Similar to the problem of resource constraints, the issue of legacy systems is a common theme that spans all BPS member representatives. The inability to replace out-of-date and unsupported legacy systems creates huge challenges to effectively manage cyber security. Some legacy systems lack standard security functionality such as access control, data integrity, authentication, password lockouts, and audit logs. Running unsupported commercial software means that security patches will no longer be provided by vendors to fix newly identified security vulnerabilities. Similarly, “technical debt” arising from poorly coded custom developed software contributes to cyber security risks if the developers are not properly trained in secure code writing. Furthermore, poor quality software development creates complexity, hinders continuous improvement, and poses a huge obstacle to the efficient and secure management of IT systems.

Replacing legacy systems and getting out of technical debt are not trivial pursuits. These require a rigorous commitment to a formal IT Asset Management (ITAM) practice that identifies all IT assets (software and hardware), assigns standard life expectancies, schedules upgrade and/or replacement dates, and requires the execution of those upgrade or replacement activities on a timely basis in a virtuous cycle. Good IT hygiene is critical to reduce cyber security risks. However, it is very effort-intensive and requires strong discipline, a well-architected IT strategic roadmap, consistent and adequate levels of funding, skilled resources, and cooperation from the business clients who are the primary system users. Nevertheless, this should be the goal of every IT department.

Many of the BPS member representatives voiced their frustration with the perceived lack of support and understanding for cyber security efforts within their respective organizations. Often, when they submit requests for additional cyber security resources or budgets for security initiatives, there is a lack of awareness and understanding of the risks and benefits from the key decision-makers. One notable comment was “… they accept risks blindly.” Admittedly, cyber security – and IT, in general – are areas of business that traditionally are not well understood by senior management and boards of directors – the people who are responsible for corporate governance and who set the tone for corporate culture. Most boards today consist largely of directors with accounting, legal and human resources backgrounds. Not many have members with technology experience and training.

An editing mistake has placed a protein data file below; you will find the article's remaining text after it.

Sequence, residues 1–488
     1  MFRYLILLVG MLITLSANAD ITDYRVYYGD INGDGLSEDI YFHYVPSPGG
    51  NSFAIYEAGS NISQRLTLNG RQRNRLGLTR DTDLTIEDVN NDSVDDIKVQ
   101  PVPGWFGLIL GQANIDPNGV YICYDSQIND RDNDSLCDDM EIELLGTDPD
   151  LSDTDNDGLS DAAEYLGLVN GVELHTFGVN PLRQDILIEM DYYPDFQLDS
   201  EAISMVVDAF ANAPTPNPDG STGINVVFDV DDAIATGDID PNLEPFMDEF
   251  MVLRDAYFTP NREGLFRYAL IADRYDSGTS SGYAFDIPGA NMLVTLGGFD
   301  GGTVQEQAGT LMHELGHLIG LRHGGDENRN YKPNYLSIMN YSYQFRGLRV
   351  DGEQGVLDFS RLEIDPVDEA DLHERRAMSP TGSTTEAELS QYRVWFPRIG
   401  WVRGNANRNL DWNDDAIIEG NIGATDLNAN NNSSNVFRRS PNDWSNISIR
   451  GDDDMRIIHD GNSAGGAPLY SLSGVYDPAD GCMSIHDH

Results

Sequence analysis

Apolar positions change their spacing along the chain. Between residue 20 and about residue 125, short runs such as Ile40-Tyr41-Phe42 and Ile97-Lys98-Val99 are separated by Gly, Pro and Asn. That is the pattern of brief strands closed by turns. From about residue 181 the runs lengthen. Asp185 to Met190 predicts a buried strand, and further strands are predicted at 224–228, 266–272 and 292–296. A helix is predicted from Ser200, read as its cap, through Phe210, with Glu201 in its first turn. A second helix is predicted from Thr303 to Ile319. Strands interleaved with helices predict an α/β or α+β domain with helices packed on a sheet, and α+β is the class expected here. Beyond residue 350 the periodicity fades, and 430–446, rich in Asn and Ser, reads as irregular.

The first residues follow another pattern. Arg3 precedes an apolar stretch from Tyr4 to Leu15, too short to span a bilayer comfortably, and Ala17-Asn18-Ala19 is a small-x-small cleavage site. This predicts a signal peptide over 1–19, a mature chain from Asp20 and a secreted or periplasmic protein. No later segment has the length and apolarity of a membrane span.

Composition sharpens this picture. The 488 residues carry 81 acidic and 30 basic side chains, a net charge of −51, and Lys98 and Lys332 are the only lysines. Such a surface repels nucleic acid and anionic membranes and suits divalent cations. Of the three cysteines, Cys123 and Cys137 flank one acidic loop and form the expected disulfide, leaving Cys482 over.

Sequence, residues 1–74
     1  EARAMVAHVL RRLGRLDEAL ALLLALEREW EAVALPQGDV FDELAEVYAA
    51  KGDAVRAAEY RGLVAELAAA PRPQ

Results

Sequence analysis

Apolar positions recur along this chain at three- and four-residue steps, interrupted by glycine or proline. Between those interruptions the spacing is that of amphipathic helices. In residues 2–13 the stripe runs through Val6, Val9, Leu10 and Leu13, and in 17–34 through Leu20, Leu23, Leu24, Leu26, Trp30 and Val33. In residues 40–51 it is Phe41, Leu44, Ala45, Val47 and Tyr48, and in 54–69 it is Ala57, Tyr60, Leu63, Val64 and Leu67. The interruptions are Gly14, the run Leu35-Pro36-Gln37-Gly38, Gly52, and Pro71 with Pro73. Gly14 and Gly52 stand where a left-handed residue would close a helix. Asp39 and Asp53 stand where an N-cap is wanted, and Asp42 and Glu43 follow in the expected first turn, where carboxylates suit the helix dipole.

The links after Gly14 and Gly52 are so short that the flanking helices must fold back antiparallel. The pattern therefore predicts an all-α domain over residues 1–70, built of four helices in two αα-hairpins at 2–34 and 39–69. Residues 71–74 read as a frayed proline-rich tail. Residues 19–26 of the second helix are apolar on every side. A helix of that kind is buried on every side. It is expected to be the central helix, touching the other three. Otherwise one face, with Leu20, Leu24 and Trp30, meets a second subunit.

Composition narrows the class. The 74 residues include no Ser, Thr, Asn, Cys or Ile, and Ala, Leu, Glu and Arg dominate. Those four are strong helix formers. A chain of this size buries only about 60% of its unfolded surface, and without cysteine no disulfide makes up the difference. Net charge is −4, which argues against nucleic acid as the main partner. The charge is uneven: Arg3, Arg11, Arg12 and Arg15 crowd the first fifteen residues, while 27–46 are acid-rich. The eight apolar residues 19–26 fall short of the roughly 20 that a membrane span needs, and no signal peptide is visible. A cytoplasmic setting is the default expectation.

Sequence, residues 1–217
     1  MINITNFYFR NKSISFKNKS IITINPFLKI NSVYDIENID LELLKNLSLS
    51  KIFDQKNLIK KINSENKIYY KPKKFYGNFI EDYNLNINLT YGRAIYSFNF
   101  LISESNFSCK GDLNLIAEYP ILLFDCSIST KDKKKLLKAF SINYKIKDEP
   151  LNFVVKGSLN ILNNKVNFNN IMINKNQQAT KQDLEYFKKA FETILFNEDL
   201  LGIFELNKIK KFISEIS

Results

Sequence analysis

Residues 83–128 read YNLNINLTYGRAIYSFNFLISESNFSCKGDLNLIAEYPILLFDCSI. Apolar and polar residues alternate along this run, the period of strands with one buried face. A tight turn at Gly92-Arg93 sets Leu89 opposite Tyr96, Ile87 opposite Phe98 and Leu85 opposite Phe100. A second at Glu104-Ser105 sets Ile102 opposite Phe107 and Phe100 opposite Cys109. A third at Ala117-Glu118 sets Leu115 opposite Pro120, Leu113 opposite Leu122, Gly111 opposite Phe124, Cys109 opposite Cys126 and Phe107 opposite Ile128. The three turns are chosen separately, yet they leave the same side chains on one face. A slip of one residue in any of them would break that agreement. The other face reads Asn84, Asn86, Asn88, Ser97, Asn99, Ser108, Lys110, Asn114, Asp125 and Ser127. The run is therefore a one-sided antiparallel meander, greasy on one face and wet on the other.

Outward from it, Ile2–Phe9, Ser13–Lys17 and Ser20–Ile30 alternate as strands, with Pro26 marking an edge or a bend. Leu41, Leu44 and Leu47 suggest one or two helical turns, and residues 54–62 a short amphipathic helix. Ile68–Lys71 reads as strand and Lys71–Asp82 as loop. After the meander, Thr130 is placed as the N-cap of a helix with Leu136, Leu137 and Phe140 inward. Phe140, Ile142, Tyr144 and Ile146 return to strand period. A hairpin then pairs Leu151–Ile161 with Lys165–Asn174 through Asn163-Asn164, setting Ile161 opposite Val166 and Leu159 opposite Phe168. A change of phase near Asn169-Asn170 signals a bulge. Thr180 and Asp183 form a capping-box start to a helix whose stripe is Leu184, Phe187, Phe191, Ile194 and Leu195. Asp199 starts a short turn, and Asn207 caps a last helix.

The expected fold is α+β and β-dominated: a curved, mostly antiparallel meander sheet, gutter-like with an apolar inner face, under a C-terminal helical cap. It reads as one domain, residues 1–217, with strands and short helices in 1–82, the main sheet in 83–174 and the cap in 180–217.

Consequently, the risks associated with the continuously expanding technology footprints of organizations, as well as their strategic value, are not recognized. This under-appreciation of the importance of technology in business manifests itself in organizational structures where, often, the IT department (typically including cyber security) reports into another area of the business that has little or no synergy or relevance. As such, the head of IT (Chief Information Office (CIO) or equivalent) is not a member of the company’s executive or senior management team and, therefore, does not have a seat at the table to champion their cause or voice their concerns. Absence of an essential “tone-at-the-top” results in a lack of buy-in and cooperation from other management and staff related to the company’s cyber security matters. Frustrated cyber security personnel lament on their inability to “get traction” on cyber security programs and on their lack of influence within their respective organizations to gain general support and commitment to their plans and initiatives.